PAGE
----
Judge on Friday dismissed the case by former President Donald Trump, who wants to lift his ban on Twitter.

But San Francisco Federal District Court Judge James Donato left the door open for Trump and other plaintiffs to file an amended complaint against Twitter, in line with his written decision Friday to dismiss the lawsuit in its entirety.

The social media giant banned Trump on January 8, 2021, citing the risk of inciting further violence following the Capitol uprising by a crowd of supporters of the then president two days earlier.

Trump, the American Conservative Union and five others sued Twitter and its co-founder Jack Dorsey last year on their behalf and a class of other Twitter users who were loaded from the app.

Donato’s decision comes almost two weeks after Trump told CNBC he had no interest in returning to Twitter, even if his ban was lifted by Elon Musk, Tesla’s boss, whose $ 44 billion offer to buy Twitter was accepted by board of the company.

Prior to the ban, Trump was an avid Twitter user, tweeting an average of more than 30 posts a day by the end of his presidency. At the time of the ban, Trump had nearly 90 million followers on Twitter.

His lawsuit alleges that Twitter violated the rights of plaintiffs in the First Amendment for Freedom of Speech, alleging that the bans were due to pressure on the company by Democratic members of Congress.

But in his 17-page decision, Donato wrote that Trump and the other plaintiffs “did not start from a position of strength” with his request for a First Amendment.

The judge noted, citing federal case law, that “Twitter is a private company and the First Amendment applies only to government cuts to speech, not to alleged cuts from private companies.” “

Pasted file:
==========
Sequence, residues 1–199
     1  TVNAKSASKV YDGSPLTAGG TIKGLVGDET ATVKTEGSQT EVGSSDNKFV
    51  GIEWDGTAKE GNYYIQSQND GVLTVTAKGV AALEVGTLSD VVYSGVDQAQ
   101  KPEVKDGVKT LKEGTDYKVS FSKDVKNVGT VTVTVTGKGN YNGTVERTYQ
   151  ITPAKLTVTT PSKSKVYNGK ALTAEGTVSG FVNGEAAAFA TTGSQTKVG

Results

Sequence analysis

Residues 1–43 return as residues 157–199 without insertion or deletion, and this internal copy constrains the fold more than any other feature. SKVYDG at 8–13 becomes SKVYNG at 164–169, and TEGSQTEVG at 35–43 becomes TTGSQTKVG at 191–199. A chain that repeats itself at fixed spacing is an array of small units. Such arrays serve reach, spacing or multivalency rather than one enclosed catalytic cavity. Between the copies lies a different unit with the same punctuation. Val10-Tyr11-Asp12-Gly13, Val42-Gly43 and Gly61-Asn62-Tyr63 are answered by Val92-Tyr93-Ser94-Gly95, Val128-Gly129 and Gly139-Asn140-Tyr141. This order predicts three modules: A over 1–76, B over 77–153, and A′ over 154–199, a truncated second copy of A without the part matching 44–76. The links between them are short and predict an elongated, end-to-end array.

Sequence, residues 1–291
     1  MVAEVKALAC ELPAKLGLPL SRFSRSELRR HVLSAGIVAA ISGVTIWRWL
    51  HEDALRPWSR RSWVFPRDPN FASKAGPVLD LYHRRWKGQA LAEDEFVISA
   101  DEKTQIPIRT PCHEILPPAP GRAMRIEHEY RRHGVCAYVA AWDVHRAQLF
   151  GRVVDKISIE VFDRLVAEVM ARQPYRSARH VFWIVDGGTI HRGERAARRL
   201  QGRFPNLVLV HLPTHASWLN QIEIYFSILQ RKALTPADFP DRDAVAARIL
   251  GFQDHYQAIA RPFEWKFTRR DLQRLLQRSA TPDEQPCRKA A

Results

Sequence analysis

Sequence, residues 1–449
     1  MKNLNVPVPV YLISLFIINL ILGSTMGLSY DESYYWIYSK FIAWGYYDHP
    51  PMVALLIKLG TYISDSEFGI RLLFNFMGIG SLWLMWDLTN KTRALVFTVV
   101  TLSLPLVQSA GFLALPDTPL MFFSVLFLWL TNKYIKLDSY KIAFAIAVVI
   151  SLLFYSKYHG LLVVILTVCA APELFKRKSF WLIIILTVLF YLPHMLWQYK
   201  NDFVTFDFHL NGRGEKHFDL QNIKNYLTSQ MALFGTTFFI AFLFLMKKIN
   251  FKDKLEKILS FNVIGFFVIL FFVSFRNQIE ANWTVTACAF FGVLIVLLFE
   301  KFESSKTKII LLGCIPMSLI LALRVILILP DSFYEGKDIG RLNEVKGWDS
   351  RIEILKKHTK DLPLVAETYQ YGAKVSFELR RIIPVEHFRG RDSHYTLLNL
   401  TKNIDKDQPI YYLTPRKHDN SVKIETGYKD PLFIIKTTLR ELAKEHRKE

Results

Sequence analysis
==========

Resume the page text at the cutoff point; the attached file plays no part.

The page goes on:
Donato rejected the idea that the ban on Trump and the rest of Twitter was due to government action, which would be the only way to support the allegation of violating the First Amendment.

“Overall, the amended complaint does not claim that Twitter acted as a government body when it closed the plaintiffs’ accounts,” Donato wrote.

The case also asked the judge to rule that the federal communications decency law was unconstitutional.

The CDA says online service providers like Twitter cannot be held responsible for content posted by others.

Donato dismissed the lawsuit after finding that the plaintiffs had no legitimacy to challenge the CDA. The judge said the only way they could have such a reputation was to show that Twitter “wouldn’t de-platform the plaintiff” or others if it weren’t for the CDA’s legal immunity when it came to content.

Donato dismissed a third allegation that Twitter had again violated fraudulent and unfair commercial practices in Florida, as Trump and other plaintiffs agreed that California law would settle disputes between Twitter and its users, according to the Twitter service.

The case was initially filed in federal court in Florida, where Trump lives, and then transferred to California at the request of Twitter, whose headquarters are there.

Finally, the judge rejected the fourth claim made under the Florida Social Media Censorship Suspension Act.

The judge said that only one plaintiff in the case, Dominic Latela, had an active Twitter account at the time the Florida law went into effect on July 1, 2021, and that this was the only plaintiff who could have a claim under the law.

“There is also great concern about the applicability of the SSMCA,” Donato wrote.

“Florida government officials were instructed to impose the SSMCA on June 30, 2021, the day before the law went into effect, with a well-founded decision issued by the North District of Florida” that found the law violated the First Amendment, the judge wrote. .


Previous articleThe GaN drive module increases engine efficiency
Next articleThis AI generates Bored Apes that are unique, free and replaceable